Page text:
The drives 17 and 18 for cyclic modules 13 and i may conveniently consist of electric motors 23 operable to movement is preferred where the sample stations are cleaned automatically and do not require associated equipment needing cleaning and/or replacement of parts.

Referring more particularly to module 12, there is shown a series of sample holding blocks 22, each contain: ing a series or group of rows of samplecontainers in Tthe form'o'f compartments 32. As here shown, three longitudinally extending rows. of the compartments 32 are formed in parallel spaced relation. Specifically, the blocks 22 are here adapted to receive samples, to combine a measured quantity of sample and precipitating reagent, and to filter the precipitate formed by the reagent so as to provide a filtrate in the sample containers in row 94.

In this'way, a filtrate of a sample is provided which has ohe or more components removed. For example, blood samples may be treated in this fashion to remove protein therefrom. a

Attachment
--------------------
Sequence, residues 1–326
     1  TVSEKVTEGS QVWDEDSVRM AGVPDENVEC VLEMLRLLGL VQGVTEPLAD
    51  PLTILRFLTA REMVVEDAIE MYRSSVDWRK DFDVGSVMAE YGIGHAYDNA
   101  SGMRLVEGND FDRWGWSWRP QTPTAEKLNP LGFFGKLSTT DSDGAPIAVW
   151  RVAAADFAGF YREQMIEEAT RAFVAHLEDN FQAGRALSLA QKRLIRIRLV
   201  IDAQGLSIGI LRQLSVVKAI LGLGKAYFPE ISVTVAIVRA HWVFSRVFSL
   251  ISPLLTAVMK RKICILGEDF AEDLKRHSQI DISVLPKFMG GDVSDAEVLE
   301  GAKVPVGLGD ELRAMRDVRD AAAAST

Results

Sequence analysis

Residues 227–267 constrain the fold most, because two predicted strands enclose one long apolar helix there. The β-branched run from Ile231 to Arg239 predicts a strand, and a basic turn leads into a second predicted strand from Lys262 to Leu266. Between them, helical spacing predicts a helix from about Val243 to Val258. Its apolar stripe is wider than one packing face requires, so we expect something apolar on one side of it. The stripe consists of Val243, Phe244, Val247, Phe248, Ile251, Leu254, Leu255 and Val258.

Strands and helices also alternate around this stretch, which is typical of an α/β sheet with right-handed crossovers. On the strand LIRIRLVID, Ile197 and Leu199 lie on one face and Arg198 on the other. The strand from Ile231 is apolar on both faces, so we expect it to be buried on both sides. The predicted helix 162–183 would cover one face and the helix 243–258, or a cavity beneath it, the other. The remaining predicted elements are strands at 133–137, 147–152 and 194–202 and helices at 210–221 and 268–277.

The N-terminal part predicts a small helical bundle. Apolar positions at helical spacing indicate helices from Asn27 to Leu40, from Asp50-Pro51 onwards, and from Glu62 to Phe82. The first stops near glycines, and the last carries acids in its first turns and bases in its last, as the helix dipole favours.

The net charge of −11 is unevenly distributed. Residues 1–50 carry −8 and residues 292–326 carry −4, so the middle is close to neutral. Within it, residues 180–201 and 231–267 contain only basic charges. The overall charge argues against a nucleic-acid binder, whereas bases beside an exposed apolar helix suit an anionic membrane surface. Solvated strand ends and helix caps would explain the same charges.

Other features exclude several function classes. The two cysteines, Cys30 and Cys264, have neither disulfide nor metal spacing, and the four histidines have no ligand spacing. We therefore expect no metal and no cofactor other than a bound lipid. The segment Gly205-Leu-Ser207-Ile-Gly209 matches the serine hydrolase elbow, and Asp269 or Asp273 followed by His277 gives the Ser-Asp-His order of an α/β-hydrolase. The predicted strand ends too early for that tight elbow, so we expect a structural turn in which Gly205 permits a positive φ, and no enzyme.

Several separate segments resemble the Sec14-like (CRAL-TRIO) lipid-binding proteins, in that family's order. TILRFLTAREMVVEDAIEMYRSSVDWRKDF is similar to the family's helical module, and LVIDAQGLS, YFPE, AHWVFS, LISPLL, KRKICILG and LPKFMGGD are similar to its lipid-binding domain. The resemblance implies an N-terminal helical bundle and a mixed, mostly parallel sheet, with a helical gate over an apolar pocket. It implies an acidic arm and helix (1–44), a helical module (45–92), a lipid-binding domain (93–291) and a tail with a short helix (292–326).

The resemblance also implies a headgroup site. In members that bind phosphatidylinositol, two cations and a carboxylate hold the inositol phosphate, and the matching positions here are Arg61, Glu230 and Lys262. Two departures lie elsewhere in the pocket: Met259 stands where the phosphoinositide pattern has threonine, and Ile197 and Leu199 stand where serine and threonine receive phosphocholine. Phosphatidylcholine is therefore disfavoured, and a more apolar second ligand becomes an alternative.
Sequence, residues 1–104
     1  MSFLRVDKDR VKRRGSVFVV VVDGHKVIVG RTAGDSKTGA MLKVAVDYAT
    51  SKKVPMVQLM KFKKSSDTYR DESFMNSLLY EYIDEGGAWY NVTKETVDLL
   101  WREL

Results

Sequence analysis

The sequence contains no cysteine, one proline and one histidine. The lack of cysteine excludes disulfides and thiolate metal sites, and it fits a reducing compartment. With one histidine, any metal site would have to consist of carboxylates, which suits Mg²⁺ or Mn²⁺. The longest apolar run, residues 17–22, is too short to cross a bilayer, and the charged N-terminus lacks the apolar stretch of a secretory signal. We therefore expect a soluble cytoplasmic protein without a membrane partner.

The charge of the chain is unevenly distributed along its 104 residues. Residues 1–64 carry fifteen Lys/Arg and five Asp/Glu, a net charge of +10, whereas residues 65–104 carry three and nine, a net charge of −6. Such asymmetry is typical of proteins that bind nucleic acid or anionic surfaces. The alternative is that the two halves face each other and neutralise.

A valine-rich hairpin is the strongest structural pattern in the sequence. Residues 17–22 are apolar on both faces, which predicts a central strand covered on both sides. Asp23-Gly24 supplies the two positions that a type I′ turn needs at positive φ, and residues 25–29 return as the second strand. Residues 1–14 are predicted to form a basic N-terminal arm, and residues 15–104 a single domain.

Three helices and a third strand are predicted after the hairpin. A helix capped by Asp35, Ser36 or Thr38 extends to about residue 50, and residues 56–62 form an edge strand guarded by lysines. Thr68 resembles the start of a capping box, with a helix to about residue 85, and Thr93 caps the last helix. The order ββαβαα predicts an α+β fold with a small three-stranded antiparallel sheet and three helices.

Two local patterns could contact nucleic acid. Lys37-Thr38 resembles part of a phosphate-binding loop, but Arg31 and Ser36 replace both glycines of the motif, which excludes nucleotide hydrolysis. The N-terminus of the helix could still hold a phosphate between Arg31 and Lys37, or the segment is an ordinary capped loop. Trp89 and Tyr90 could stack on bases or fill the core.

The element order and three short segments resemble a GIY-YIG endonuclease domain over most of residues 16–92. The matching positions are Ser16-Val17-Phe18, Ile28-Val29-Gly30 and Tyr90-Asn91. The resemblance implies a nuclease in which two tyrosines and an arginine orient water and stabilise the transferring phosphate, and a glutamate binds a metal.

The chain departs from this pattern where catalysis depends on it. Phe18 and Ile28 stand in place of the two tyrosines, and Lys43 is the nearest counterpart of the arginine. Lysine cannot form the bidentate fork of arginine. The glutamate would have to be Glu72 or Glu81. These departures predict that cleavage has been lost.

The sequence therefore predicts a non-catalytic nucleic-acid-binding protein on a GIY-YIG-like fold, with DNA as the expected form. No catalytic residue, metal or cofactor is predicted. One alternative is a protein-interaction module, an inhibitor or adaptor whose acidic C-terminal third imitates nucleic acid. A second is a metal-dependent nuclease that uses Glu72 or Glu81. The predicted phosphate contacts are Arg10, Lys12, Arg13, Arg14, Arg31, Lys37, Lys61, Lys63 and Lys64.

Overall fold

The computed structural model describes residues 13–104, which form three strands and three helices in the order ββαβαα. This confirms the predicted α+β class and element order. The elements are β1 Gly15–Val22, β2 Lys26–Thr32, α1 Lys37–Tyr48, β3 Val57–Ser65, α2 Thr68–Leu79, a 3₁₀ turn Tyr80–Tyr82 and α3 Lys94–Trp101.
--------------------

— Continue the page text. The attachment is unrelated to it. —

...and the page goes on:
The structure of the filter block 22 is the subject of a copending patent application of Hans Baruch, the inventor of therpresent invention, and Dalny Travaglio,

: Serial No. 207,122, filed July 2, 1964, entitled Sample Conveying and Conditioning Unit, and assigned to the same assignee as the present application.

Generally, the filter blocks 22 are moved along the V conveyor by the chain 21 with the lower edges of the blocks riding on idler rollers 33. T he blocks are generally fed in one end of the conveyor with the samples in place, and are removed at the far endof the conveyor after they have passed by the last module of equipment. The blocks are then cleaned and replaced with new filters so as to be suitable for new passes through the apparatus. A typical apparatus for conveying the filter blocks through the associated equipment is described more fully and claimed in the copending application of Hans Baruch, the inventor of the present invention, and Dalny Travaglio, Serial No. 207,123, filed July 2, 1962, entitled Apparatus for Conducting Analytical Procedural Steps, and assigned to the same assignee as the present application.